White people are violent when they work in organizations that provide services for BIPOC without assessing their own white saviorism.
Indeed, if white-led companies spent their time learning about white supremacy, deeply understanding it, and committing to dismantling it, America would not be in this place. Instead, the belief is often that the issue lies in BIPOC folks, not in the way systems are set up to benefit White people. As such, there are so many organizations that are deeply rooted in their own belief of white people's inherent goodness and Black people’s inherent deficiency. This, too, is violence. It is a violent belief in the inferiority of Blackness, and promotes the belief that white ingenuity, as opposed to justice for BIPOC, is the solution to systemic oppression.
White people are violent when they date BIPOC and/or adopt BIPOC children without critically assessing self and dismantling white supremacy.
BIPOC folks have a uniquely different lived experience. One cannot associate themselves with antiracism through proximity. It is possible to love BIPOC folks and still be causing great harm if one is not intentional about unlearning the years of conditioning that comes along with white supremacy. Having a spouse/child of color does not make one woke. Dismantling white supremacy, both in oneself and society, does.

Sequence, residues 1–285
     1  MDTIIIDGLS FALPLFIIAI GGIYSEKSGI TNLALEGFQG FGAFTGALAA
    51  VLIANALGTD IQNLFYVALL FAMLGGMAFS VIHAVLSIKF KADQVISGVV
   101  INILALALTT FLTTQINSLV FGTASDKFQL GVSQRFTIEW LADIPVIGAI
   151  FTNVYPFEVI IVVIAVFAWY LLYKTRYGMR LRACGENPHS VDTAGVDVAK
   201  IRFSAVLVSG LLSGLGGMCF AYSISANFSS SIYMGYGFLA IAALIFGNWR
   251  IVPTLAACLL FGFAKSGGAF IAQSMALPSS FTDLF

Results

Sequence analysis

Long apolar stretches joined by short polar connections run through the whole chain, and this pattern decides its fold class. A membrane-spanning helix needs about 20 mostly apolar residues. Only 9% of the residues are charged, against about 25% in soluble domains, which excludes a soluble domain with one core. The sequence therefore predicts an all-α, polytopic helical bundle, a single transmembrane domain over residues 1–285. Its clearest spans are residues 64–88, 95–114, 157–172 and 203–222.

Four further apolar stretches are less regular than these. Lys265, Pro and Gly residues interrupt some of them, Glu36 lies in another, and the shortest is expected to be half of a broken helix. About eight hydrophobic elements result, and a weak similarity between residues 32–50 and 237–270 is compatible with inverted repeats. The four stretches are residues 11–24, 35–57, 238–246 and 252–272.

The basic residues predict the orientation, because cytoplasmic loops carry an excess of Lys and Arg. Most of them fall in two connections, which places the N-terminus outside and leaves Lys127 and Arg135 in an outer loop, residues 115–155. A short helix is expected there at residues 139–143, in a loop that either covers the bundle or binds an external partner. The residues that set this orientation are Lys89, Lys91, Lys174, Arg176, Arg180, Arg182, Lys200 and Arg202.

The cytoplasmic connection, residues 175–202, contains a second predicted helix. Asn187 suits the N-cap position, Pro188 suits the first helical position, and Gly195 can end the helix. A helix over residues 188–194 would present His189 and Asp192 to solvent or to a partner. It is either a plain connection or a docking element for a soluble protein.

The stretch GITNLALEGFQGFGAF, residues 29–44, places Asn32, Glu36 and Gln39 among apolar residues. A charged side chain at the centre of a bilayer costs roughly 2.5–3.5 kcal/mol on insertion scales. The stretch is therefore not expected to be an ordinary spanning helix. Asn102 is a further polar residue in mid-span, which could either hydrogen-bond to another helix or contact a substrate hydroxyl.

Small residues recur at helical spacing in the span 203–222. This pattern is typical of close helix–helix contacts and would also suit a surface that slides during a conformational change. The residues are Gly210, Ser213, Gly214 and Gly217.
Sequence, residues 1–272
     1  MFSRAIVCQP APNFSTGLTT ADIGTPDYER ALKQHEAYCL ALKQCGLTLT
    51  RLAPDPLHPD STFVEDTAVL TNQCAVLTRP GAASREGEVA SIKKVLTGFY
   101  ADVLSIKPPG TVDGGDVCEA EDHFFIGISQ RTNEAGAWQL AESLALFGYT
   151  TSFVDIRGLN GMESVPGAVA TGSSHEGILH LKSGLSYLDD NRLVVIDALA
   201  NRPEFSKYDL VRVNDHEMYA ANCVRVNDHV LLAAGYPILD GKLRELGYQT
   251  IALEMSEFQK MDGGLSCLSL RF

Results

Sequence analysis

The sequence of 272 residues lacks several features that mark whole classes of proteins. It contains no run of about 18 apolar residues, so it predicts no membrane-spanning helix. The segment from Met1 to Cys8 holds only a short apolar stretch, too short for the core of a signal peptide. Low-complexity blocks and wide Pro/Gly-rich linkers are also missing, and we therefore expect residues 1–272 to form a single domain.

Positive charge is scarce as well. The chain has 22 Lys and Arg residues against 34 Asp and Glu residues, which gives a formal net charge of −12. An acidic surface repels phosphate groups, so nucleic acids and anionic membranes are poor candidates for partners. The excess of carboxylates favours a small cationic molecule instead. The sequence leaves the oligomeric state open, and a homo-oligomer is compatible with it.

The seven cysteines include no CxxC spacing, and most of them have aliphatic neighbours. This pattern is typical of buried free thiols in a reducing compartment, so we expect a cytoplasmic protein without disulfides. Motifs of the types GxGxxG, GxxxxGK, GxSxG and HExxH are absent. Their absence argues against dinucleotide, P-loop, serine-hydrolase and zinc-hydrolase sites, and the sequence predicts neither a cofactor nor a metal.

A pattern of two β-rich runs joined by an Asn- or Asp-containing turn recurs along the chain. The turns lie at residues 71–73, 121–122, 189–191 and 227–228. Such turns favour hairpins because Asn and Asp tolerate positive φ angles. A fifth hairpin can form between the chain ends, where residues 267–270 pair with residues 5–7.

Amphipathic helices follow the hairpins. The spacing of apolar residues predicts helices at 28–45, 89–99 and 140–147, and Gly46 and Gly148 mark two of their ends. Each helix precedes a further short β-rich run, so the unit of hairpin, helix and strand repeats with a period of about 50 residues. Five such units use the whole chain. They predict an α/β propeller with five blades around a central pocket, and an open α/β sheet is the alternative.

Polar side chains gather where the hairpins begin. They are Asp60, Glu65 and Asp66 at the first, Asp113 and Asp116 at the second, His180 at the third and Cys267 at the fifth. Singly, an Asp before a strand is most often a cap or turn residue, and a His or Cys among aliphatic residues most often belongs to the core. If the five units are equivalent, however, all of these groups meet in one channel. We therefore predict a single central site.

White people are violent when their representations of us are rooted in our pain, and not or joy.
Being Black is beautiful. White supremacy is heinous. If you are well versed in our trauma, you must too be well-versed in our joy and resiliency. And if you are not, you should recognize that reducing a group of people’s story to only that of the pain you’ve caused them is a form of manipulative violence. And that’s... you guessed it... white supremacy.
White people are violent when they send out letters of solidarity without recognizing that they, too, are part of the problem.
This is delusional. No solidarity without accountability. Every letter of solidarity after another occurrence of racial violence should come with a list of how the organization is perpetuating white supremacy itself, as informed by the experiences of BIPOC, as well as ways in which they are actively working to correct these issues. Otherwise, these are performative acts that are about how the organization looks, not about justice. And making oneself look good while continuing to cause harm is just another form of violent white supremacy.